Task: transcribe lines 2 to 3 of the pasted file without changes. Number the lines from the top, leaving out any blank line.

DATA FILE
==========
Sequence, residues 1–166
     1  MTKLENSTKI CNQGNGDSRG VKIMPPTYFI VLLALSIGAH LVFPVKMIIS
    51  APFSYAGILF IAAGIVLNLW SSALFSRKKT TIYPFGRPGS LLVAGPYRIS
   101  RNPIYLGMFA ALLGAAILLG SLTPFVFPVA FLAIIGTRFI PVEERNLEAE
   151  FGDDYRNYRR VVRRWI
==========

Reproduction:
     1  MTKLENSTKI CNQGNGDSRG VKIMPPTYFI VLLALSIGAH LVFPVKMIIS
    51  APFSYAGILF IAAGIVLNLW SSALFSRKKT TIYPFGRPGS LLVAGPYRIS